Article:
With practically nothing to secure their own ranks as they stage mass protests to press their governments for the needed reforms, demonstrators and protesters have capitalized on their sheer numbers in confronting armed troops.
Twitter and Facebook, among other popular social networking sites have served as the protesters' ammunition in their peaceful pursuit of peace, freedom and equality.
Most recently, Tunisia
and Egypt fell
into the hands of almost armless protesters with only laptops and cellphones in their hands to post messages on Twitter and Facebook to tell their supporters to converge in certain areas to join the mass protests.
Realizing the power of the Internet in bringing down a regime, Libya has cut the country from cyberspace in an effort to neutralize the influx of people joining mass protests and cut their communication to the outside world.
Myanmar Democracy icon Aung San Suu Kyi who has been inspired by the series of people power revolts in some North African and Middle Eastern countries, said she now wants to join other pro-democracy activists by using Twitter and Facebook.
Suu Kyi, who was jailed for almost 20 years by Myanmar's military regime has been leading democracy activists in her country for decades. She was freed late last year after her prison term expired.
The 65-year old Nobel Peace Prize laureate hailed the role that the Egyptian army played during that country's 18-day revolution.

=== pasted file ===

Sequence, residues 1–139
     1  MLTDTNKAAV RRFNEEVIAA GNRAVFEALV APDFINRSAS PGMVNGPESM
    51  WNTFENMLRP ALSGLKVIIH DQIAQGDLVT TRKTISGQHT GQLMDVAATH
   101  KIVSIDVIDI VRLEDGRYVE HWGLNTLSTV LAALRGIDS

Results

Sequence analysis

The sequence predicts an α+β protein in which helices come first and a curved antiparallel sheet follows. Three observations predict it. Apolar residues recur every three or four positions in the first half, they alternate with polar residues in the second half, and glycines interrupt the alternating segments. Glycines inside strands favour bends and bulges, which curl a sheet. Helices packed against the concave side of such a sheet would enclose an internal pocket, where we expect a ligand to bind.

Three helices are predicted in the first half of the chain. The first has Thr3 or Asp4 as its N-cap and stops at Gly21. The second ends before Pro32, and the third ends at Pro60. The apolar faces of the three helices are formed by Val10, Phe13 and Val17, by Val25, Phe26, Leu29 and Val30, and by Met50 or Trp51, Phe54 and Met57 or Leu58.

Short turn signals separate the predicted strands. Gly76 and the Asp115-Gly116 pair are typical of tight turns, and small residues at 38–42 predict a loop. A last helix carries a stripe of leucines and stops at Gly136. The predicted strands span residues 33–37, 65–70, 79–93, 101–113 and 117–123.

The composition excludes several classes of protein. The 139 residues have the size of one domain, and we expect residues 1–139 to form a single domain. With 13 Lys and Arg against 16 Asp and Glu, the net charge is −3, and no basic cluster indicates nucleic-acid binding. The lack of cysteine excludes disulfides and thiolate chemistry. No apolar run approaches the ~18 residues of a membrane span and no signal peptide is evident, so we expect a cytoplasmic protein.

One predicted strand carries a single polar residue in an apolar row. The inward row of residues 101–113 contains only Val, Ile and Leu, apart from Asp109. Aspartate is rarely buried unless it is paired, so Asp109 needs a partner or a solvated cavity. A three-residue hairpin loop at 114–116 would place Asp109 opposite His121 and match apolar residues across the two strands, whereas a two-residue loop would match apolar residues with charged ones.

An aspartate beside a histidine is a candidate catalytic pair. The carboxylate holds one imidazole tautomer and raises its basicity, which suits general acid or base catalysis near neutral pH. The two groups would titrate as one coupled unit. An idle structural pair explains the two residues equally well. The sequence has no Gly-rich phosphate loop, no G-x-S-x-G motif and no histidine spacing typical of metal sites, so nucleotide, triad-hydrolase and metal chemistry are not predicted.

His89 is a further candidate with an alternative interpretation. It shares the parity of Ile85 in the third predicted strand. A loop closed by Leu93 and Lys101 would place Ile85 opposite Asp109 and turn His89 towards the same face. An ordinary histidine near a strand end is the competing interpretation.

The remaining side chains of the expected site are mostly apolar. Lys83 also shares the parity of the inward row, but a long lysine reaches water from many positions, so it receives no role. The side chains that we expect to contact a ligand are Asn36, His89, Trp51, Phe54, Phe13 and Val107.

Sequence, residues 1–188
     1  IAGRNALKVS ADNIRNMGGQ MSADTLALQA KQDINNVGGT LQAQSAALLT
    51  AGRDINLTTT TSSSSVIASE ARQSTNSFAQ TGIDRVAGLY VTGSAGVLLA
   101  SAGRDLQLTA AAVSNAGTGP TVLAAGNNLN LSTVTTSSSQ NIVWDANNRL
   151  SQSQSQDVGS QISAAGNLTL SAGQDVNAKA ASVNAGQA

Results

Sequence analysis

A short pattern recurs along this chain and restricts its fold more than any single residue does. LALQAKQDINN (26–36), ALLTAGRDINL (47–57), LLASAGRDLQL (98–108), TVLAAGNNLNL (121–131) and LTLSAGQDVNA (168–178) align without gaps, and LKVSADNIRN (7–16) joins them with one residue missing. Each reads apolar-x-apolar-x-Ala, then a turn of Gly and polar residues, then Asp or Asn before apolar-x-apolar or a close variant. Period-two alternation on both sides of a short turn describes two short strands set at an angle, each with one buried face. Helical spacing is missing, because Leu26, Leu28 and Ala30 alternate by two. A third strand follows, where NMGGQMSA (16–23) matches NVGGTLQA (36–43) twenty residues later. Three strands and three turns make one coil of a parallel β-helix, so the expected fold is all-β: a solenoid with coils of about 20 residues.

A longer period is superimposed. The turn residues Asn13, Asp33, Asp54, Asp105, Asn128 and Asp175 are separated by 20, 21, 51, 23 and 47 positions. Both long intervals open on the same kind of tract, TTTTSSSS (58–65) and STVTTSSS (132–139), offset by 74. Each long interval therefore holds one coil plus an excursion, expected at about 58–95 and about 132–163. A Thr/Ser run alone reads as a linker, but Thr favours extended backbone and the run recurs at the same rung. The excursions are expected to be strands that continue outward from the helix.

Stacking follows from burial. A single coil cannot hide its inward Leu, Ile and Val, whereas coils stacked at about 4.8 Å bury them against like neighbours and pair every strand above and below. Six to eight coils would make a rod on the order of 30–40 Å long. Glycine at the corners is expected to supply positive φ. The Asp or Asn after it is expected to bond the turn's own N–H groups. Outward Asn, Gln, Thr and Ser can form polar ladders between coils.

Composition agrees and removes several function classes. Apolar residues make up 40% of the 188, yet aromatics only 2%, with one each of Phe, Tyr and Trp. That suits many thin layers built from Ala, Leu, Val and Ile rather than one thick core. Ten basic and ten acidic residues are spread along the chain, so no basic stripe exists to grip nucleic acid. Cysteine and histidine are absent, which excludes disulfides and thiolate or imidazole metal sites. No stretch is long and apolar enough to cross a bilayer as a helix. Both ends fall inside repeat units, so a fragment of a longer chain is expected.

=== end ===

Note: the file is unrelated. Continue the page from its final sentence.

"What everybody noticed is the Egyptian army did not fire on the people, which is the greatest difference and the most critical difference" between conditions in Egypt and those in Burma, she said.
The events in Cairo stand in stark contrast to what happened in her own country in 1988, when protests erupted against the military and were brutally crushed. Some 3,000 people were killed.
During the national elections in Iran in 2009 which enraged thousands of people on allegation of election fraud, Twitter was at the center of the mass protest that followed a violent confrontation in the streets of Tehran.
Protesters found Twitter ideal for mass protest movement as it is easy for the average citizen to use and very hard to any central authority to control, according to a time.com
report in 2009.
The same might be true of e-mail and Facebook, but those media aren't public. They don't broadcast, as Twitter does.
With Iran's experience and success on the use of Twitter in mass protest, it is not far fetch the same will be duplicated in Libya's on-going people power uprising.